An industry that is particularly adept at addressing the consumption gap, and is worth studying, is the video game industry. For those of you unfamiliar with the industry, it may not be a ‘serious’ product, but it most definitely is serious business. The video game industry will generate around $200bn in revenue globally in 2022, in comparison, the film industry will generate around $140bn. Josh Hart at YuLife is a passionate gamer and has leveraged mechanisms successfully from gaming to drive very strong engagement.
There are four important reasons why the video game industry provides a valuable case study for the SaaS industry:
SaaS solutions have points one and two in common with video games. Both industries need to delight users not just customers, they both have a lot of complexity, and users are increasingly impatient, demanding quick time-to-value.
Points three and four don’t apply to SaaS, but they are key reasons why the video game industry does a better job than most SaaS businesses. A triple AAA video game title will require $100m’s of investment over a number of years to develop, market and launch. The commercial success of the title will depend on the success of the launch, there is little opportunity to improve the product once it's on the market and still impact commercial outcomes. With $100m’s at stake on launch day, and one shot to deliver a great experience, it’s unsurprising that developers do everything they can to ensure players have the best experience possible. As video games do not have the luxury of customer success managers to lead players to success, everything has to be achieved through the product.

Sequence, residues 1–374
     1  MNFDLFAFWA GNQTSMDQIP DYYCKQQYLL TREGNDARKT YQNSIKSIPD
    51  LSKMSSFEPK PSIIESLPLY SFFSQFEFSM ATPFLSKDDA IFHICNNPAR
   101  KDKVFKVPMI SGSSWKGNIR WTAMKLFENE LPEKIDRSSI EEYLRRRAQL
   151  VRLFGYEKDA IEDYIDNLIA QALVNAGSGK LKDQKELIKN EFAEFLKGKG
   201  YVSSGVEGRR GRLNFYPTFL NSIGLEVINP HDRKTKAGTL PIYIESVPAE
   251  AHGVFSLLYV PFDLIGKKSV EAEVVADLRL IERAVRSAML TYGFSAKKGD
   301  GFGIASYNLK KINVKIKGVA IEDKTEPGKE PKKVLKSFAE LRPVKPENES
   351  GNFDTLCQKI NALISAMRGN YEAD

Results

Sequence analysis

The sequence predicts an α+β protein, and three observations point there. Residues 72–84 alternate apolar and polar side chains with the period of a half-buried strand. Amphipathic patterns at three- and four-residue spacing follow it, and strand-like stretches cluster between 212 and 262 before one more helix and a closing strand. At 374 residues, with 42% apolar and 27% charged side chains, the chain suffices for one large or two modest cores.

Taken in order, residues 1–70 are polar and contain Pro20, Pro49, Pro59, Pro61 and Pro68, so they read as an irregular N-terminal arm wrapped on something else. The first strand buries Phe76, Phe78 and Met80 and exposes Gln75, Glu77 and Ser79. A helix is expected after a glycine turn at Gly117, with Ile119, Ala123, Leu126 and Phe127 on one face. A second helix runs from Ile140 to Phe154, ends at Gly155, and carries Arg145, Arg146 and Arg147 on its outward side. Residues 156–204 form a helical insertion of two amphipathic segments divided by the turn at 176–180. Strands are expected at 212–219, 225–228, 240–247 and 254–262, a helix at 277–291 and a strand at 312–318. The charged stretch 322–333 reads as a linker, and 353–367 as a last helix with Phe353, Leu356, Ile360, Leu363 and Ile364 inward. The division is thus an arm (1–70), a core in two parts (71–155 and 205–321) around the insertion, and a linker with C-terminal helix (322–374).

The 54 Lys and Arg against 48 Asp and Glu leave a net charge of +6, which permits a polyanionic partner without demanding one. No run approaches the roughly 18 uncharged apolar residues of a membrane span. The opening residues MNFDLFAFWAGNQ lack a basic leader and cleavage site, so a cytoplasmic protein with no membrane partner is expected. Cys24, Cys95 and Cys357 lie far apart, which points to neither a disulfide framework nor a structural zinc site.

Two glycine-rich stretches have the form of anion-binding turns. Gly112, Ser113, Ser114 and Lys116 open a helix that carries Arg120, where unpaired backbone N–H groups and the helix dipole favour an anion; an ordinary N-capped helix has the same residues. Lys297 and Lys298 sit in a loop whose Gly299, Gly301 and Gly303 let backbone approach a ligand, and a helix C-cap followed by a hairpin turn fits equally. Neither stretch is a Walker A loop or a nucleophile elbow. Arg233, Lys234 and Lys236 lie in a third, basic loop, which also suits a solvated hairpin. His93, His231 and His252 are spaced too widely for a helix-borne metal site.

Master Chief will save us
Master Chief, the main protagonist in Microsoft’s Halo video game franchise, and now a TV series by Paramount has a lot to teach us. In each episode of his struggle, he faces enormous challenges he needs to overcome. Usually some variation of saving the universe. That’s a big challenge (use case), in addition to many smaller challenges which need overcoming along the way. Master Chief may be battle-hardened and ready for any challenge, but the player (user) may not be. They may be completely new to the series, new to video games, or new to the challenges that lie ahead. So there will be a learning curve for all, to different extents.
The challenges are formidable, but our super soldier is well equipped with various tools (features) to tackle any challenge (use case) that lies ahead. The problem for the developer is that they’ve built a complex product that will be difficult to master. So how can they help the player consume and master that complexity so that i) the experience is instantly engaging and ii) players can smoothly progress up the learning curve, overcome challenges and finish the game?